Nina Ryan

Nina Ryan is the Assistant Director of R&D for UChicago Impact. In this role, she works on several projects across UChicago Impact, addressing product or service development needs with creative expertise. She also collaborates with the other units of the Urban Education Institute (UEI) as new tools and technologies are identified and developed. Most recently, Nina was a Project Manager on the McKnight Initiative at UEI and the Strategic Analytics Manager for The Success Project at UChicago Impact. Prior to joining UChicago Impact, she taught pre-k and kindergarten in Chicago schools.

Learning Conditions Are an Actionable, Early Indicator of Math Learning

Key Findings

  • Learning conditions are important leading indicators of B or better math grades for middle and high school students.
  • Learning conditions matter for students across racial and socioeconomic lines, and that when learning conditions improve, so does students’ likelihood of earning a B or better in math.
  • Learning conditions tend to get worse over time in the absence of intentional efforts on the part of schools to improve them.

Research Analyst

UChicago Consortium is seeking a Research Analyst II with strong data manipulation, quantitative research, and programming skills, and a passion for doing meaningful work to help schools become more equitable. The successful candidate will provide on-going support across Consortium studies and be a part of one or two teams of Consortium researchers. The Research Analyst II will provide data and analytic support throughout the life cycle of projects, including cleaning and documenting data sources, creating large-scale data bases, and applying different statistical approaches.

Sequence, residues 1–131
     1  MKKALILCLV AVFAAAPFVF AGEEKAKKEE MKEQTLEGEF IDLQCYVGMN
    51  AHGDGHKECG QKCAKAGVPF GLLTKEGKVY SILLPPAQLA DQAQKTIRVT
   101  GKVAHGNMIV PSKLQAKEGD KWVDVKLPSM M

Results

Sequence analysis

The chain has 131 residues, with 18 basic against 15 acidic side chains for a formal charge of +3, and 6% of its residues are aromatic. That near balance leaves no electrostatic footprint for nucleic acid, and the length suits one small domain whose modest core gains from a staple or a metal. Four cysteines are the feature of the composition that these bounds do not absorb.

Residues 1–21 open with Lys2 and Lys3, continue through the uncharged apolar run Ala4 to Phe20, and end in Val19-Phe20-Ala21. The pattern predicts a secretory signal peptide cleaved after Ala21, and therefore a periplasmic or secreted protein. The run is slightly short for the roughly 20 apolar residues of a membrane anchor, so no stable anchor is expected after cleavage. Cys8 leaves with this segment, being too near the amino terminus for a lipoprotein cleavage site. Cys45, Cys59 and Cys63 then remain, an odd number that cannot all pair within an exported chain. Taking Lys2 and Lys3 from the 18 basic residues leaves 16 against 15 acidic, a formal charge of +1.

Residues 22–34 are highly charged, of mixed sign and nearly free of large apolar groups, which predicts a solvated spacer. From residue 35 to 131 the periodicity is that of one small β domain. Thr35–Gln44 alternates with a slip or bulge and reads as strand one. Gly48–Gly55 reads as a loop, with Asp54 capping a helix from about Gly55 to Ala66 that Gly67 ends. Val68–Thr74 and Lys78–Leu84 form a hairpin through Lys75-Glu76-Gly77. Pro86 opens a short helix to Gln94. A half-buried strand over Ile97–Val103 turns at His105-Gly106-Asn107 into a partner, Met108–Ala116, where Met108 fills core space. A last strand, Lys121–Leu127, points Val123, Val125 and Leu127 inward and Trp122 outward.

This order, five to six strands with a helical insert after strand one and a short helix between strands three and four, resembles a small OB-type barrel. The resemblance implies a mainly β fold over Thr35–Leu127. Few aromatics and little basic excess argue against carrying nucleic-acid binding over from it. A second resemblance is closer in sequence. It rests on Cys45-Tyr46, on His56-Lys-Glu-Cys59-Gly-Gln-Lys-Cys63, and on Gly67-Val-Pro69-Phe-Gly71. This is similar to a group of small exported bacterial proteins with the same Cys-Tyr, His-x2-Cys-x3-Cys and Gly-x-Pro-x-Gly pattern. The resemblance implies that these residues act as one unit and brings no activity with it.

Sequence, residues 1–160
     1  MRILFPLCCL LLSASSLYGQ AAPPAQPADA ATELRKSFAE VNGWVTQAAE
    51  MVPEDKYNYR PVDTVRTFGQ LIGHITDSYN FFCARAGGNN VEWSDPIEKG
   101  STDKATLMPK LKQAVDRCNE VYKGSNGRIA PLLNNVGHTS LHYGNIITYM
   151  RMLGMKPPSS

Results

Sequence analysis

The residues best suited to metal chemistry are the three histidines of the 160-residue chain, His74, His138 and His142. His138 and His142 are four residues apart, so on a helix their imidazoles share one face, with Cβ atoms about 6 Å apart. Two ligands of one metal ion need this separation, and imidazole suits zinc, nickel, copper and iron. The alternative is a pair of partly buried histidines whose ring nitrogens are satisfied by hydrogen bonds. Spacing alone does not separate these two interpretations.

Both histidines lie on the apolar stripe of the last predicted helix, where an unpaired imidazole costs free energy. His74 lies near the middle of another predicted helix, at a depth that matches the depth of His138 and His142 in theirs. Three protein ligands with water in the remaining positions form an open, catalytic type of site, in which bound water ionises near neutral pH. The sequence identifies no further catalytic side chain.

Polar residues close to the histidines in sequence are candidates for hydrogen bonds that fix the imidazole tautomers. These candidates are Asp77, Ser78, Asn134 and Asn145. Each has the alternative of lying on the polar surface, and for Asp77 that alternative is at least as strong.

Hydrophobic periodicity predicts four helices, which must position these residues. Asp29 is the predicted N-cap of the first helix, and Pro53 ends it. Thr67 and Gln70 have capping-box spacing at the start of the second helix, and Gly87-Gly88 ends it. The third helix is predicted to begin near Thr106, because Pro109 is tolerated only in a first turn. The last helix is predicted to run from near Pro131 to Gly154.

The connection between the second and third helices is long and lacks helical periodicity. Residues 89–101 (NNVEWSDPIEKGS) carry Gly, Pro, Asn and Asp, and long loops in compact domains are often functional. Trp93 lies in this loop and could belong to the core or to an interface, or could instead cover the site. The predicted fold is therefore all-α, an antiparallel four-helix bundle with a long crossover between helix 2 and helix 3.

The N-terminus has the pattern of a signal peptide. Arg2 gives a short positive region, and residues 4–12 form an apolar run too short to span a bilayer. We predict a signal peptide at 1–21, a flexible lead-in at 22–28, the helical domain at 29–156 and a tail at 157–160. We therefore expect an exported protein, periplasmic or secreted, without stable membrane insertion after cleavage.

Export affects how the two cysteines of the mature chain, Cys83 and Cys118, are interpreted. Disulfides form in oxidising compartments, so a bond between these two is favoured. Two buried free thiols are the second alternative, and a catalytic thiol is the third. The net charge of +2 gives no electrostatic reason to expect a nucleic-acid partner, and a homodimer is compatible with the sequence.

New policy would change when Chicago students are held back, eliminates test scores as factor

Chicago Public Schools could change when elementary school students can be held back a grade and plans to stop using test scores as a factor. 

The district did not hold back any elementary students during the first two years of the pandemic in a nod to COVID’s academic and mental health toll. Last year, it revised the policy for promoting students to drop a test that schools were no longer required to give...

3 misconceptions about pandemic-related learning loss

The recent release of the 2022 NAEP scores, which showed historic learning declines in math and reading two years following the onset of the pandemic, has brought renewed urgency to conversations around learning losses and recovery. Beliefs about these topics shape how policymakers, educators and parents act to support students moving forward. Yet our research shows that common assumptions about whose learning was affected the most and what it will take for students to catch up are, in fact, misconceptions.

'Somewhere I definitely wanted to be'

When Kyla Jimenez’s older brother Isaaq would travel from their home in Chicago’s Belmont Cragin neighborhood to the University of Chicago’s campus to participate in the University’s college readiness and access programming, she often tagged along. Kyla would explore campus buildings or do homework in Hyde Park coffee shops with her mom while Isaaq attended classes and events for the Collegiate Scholars Program for Chicago Public School students.

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